Part 7: Cleaning Up Binary Operators

This post is part of a series about learning Rust and building a small programming language.


The code from part 4 that checks whether a pair of binary operators should be grouped to the left or right works, but I’m not particularly happy with it. The issue is that it needs to pattern match on the right node twice: first in the should_group_left function, and then again in combine_with_binary_operator if should_group_left returned true.

As a reminder, the code currently looks like this:

fn combine_with_binary_operator(left: Node, token: &Token, right: Node) -> Node {
	let op: BinaryOp = match token {
		// ...
	};

	if should_group_left(&op, &right) {
		if let Node::BinaryOp {
			left: right_left,
			op: right_op,
			right: right_right,
		} {
			Node::BinaryOp {
				left: Box::new(Node::BinaryOp {
					left: Box::new(left),
					op,
					right: right_left,
				}),
				op: right_op,
				right: right_right,
			}
		} else {
			panic!();
		}
	} else {
		Node::BinaryOp {
			left: Box::new(left),
			op,
			right: Box::new(right),
		}
	}
}

fn should_group_left(left_op: &BinaryOp, right: &Node) -> bool {
	match right {
		Node::BinaryOp { op: right_op, .. } => {
			right_op.precedence() < left_op.precedence()
				|| (right_op.precedence() == left_op.precedence()
					&& left_op.associativity() == Associativity::Left)
		}
		_ => false,
	}
}

See that panic!() in the else branch? The compiler thinks it (or some return value) is necessary there, because the pattern match could fail. But as the programmer, I know better. I know that if we’re in the true branch of the outer if statement, then should_group_left returned true and the pattern match can never fail.

This is why I just call panic! without even a message: because I know that code is unreachable.

But it would be even better not to have it at all.

Basically, what I want the should_group_left function to do is pattern match on the right node, and if it meets the conditions for being left-grouped, to get the values inside the right binary operator node out without having to do another pattern match.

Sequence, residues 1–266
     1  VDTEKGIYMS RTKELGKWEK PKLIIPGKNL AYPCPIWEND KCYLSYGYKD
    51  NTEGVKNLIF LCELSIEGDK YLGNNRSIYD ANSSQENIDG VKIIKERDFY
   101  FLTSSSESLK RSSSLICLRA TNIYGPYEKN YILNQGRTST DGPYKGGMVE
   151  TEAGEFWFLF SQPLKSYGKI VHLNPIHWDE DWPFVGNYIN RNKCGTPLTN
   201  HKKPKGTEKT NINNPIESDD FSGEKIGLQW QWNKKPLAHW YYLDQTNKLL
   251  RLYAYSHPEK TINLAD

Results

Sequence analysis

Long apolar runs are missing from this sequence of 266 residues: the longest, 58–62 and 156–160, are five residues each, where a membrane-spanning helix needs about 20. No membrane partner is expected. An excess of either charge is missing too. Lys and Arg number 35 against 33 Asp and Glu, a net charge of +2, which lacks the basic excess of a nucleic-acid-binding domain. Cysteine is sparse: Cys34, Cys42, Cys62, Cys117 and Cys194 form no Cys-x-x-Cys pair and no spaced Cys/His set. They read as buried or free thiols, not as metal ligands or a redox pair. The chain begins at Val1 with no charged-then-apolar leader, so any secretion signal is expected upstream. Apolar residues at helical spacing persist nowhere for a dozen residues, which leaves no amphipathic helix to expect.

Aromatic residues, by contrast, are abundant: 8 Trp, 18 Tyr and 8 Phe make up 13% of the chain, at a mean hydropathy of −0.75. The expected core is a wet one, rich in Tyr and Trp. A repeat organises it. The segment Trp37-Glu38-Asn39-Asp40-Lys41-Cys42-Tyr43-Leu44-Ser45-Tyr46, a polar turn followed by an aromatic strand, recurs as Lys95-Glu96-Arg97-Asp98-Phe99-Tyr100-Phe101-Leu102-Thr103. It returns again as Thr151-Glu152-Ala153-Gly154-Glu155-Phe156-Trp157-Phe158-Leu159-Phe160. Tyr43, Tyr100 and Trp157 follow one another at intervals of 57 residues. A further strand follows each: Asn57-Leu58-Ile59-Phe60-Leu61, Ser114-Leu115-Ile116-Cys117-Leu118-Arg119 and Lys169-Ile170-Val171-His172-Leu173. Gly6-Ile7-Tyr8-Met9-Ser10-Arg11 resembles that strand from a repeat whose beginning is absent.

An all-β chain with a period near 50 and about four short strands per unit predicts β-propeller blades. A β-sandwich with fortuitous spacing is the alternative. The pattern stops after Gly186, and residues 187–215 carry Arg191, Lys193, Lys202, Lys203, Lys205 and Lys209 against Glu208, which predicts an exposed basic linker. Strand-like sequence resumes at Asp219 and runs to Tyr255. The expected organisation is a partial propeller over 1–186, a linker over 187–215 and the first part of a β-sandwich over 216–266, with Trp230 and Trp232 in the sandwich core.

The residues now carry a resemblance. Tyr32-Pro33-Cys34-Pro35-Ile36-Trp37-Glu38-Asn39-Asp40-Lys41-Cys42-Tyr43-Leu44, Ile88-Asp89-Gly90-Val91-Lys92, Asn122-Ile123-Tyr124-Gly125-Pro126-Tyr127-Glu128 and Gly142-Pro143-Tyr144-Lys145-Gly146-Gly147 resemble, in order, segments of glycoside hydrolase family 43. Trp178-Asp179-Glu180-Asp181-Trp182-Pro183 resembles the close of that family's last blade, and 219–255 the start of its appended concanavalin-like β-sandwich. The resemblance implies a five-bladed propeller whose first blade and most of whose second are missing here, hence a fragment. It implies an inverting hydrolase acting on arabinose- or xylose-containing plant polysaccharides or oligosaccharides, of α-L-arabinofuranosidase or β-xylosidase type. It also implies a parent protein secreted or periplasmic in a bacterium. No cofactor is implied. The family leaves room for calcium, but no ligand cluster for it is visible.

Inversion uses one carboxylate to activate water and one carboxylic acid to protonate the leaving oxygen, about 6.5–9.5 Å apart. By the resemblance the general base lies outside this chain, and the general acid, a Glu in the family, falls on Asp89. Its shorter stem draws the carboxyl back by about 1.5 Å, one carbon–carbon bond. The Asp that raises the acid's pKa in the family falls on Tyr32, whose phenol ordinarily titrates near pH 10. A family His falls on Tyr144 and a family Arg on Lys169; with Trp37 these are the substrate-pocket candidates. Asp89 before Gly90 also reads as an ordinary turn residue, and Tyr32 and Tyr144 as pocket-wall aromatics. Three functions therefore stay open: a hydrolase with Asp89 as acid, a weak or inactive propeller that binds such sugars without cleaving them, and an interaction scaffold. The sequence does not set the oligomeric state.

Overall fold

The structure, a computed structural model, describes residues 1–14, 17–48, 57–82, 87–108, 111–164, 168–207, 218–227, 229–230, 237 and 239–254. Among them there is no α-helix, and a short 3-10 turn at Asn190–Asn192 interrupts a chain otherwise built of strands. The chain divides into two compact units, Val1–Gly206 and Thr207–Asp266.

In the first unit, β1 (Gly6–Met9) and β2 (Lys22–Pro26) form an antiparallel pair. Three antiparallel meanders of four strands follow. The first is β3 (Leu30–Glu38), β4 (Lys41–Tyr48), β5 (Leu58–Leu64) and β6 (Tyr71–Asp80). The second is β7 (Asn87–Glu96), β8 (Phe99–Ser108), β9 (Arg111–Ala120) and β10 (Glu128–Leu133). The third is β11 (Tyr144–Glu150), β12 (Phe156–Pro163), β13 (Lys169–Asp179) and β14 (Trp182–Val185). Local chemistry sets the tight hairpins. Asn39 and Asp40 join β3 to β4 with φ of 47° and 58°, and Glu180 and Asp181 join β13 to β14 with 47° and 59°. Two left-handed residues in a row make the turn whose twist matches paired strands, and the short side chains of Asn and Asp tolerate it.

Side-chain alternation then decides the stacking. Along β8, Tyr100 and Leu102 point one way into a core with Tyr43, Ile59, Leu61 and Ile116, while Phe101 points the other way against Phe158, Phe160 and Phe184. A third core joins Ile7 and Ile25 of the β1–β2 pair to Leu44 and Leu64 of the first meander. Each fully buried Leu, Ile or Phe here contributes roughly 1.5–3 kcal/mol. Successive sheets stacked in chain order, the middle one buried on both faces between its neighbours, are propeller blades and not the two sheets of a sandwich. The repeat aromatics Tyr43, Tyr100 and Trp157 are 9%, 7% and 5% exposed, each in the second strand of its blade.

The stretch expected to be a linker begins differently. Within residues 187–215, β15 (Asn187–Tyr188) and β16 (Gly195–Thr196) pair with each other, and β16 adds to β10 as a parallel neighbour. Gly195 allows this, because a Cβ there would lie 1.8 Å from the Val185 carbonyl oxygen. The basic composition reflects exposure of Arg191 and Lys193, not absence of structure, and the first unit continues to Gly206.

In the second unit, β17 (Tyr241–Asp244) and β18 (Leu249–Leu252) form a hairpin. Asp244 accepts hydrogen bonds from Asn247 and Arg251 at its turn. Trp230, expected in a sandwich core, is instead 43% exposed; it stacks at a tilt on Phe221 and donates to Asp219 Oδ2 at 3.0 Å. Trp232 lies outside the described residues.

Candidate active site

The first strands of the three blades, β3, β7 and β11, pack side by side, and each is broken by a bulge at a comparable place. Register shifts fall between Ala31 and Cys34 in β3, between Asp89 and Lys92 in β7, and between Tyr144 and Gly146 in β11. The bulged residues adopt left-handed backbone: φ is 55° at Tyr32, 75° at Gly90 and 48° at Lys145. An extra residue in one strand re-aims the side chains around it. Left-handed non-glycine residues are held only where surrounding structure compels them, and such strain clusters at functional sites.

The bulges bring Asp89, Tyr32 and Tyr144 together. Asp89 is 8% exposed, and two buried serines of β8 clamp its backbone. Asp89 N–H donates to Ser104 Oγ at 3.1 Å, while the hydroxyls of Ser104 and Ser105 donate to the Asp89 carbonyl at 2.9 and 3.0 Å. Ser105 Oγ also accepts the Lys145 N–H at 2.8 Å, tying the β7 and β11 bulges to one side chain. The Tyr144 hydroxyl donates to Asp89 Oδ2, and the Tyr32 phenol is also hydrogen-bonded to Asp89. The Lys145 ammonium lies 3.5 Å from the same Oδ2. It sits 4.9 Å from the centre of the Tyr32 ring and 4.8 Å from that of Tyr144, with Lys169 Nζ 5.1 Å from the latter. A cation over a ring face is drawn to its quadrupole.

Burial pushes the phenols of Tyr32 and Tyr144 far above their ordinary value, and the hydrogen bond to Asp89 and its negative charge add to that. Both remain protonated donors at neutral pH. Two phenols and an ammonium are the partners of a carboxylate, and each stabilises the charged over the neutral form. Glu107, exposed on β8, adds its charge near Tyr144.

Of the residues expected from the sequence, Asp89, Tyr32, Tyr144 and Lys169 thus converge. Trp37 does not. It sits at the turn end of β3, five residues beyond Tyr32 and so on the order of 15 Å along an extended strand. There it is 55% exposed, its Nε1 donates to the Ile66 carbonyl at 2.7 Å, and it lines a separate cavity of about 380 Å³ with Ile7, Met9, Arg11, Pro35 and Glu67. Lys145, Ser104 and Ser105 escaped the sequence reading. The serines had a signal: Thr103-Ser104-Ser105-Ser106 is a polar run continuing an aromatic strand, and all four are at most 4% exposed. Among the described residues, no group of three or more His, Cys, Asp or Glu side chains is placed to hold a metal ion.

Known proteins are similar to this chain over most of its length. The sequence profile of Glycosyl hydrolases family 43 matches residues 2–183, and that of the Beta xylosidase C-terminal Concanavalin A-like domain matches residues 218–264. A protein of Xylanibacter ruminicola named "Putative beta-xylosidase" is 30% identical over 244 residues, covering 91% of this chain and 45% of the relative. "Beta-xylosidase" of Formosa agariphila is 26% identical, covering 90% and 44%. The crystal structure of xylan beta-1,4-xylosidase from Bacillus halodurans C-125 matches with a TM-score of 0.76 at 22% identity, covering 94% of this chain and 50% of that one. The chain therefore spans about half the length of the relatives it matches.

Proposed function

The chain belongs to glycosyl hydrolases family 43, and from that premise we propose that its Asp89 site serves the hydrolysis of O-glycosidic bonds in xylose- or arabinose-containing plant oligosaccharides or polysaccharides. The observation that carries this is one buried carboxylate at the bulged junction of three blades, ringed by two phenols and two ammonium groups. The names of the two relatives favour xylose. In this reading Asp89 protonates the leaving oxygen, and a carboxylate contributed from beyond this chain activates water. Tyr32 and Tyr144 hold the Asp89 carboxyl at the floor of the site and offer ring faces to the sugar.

The best solution I was able to come up with was changing should_group_left to take ownership of the right node and return a Result<(Box<Node>, BinaryOp, Box<Node>), Node>[1]. If it returns an Ok result, all the values are available. If it returns an “error”, ownership of the right node is returned back to the caller.

fn should_group_left(
	left_op: &BinaryOp,
	right: Node,
) -> Result<(Box<Node>, BinaryOp, Box<Node>), Node> {
	match right {
		Node::BinaryOp {
			left: right_left,
			op: right_op,
			right: right_right,
		} => {
			let should_group = // ...
			if should_group {
				Ok((right_left, right_op, right_right))
			} else {
				Err(Node::BinaryOp {
					left: right_left,
					op: right_op,
					right: right_right,
				})
			}
		}
		_ => Err(right),
	}
}

Even this isn’t ideal, because in the else branch in the first match arm, I still need to reconstruct the original right node, since it’s been moved by the destructuring. I spent a while playing around with using references for various things in this function, but ultimately couldn’t come up with anything better than this. If you have any ideas, let me know.

At any rate, at the call site in combine_with_binary_operator, this works pretty well:

fn combine_with_binary_operator(left: Node, token: &Token, right: Node) -> Node {
	let op = match token {
		// ...
	};

	match should_group_left(&op, right) {
		Ok((right_left, right_op, right_right)) => Node::BinaryOp {
			left: Box::new(Node::BinaryOp {
				left: Box::new(left),
				op,
				right: right_left,
			}),
			op: right_op,
			right: right_right,
		},
		Err(right) => Node::BinaryOp {
			left: Box::new(left),
			op,
			right: Box::new(right),
		},
	}
}

  1. It doesn’t really need to be a Result specifically, I just didn’t bother writing my own enum just for this. ↩︎

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